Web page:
New housing in Schwabing, Munich. (Courtesy digital cat/Flickr)
With major cities running short on affordable housing, local residents have adopted unique measures to air their grievances. In New York, the Brooklyn Anti-Gentrification Network (BAN) held a sign outside a real estate summit in Brooklyn last year, asking car-driving attendees to honk if the rent was “too high.” Earlier this year, students at the University of Cape Town in South Africa erected an iron shack on campus to decry the lack of housing available to poor students around the city.
Rendering of wooden housing project built on the swimming pool parking lot used for the 1972 Munich Olympics. (Courtesy SPD Munich)
For people living in Munich, the solution was simple but proactive. Leerstand089, a citizen group in the city, listed all vacant parking spaces to shame the authorities into building more affordable housing for residents. The plan worked, with a 120-unit apartment complex now slated to replace a parking lot once used at the 1972 Munich Olympics. The area is surrounded by large gardens with trees, a modest soccer field, and a swimming pool. To prevent the rent prices from rising, the apartments will be economically built to keep them within Germany’s rent stabilization threshold.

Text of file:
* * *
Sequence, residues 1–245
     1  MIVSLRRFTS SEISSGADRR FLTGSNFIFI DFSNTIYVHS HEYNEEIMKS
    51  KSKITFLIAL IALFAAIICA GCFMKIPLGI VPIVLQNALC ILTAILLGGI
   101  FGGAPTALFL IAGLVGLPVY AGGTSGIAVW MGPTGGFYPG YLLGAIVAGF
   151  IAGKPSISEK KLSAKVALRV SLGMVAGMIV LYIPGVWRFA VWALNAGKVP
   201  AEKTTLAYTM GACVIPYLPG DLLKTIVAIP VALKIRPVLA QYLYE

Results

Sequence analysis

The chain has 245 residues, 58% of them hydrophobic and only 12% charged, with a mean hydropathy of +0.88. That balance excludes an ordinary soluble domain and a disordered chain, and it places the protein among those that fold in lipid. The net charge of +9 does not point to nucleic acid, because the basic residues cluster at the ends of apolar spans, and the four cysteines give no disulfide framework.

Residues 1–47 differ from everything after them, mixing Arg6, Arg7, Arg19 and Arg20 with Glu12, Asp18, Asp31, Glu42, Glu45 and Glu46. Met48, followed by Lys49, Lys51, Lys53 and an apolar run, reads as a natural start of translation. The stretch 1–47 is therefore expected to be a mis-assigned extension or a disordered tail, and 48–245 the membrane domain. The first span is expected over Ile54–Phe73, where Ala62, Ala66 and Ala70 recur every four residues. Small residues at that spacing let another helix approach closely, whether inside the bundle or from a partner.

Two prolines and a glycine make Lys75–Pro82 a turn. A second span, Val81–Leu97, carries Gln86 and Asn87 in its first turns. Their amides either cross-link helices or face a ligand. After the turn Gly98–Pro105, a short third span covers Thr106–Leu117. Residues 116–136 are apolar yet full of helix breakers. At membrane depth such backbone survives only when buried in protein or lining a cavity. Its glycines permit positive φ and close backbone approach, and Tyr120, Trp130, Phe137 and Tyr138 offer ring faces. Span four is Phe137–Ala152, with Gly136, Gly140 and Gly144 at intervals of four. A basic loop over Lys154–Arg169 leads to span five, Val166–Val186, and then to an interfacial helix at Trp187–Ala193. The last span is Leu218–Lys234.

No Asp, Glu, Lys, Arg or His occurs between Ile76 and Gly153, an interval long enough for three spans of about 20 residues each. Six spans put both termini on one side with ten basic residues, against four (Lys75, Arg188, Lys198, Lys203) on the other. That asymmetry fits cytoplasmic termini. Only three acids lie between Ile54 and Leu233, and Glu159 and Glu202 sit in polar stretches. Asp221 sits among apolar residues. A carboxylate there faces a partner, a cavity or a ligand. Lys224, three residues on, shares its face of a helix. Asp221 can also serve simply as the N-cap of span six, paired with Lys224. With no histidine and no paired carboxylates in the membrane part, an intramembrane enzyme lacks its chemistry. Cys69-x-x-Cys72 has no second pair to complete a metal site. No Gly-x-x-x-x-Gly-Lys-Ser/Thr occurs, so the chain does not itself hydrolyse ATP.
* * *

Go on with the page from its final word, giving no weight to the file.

Leerstand089, which stands for vacancy and Munich’s area code, has notched up several other successes with a number of buildings being earmarked as housing sites. The most recent is a 5,700-square-foot building now designated as a public housing cooperative that will contain 11 rental apartments. The group’s basic action plan encourages everyday citizens to call out neglected buildings. If the building is being left unattended, they will report it to the city so it can be put to better use.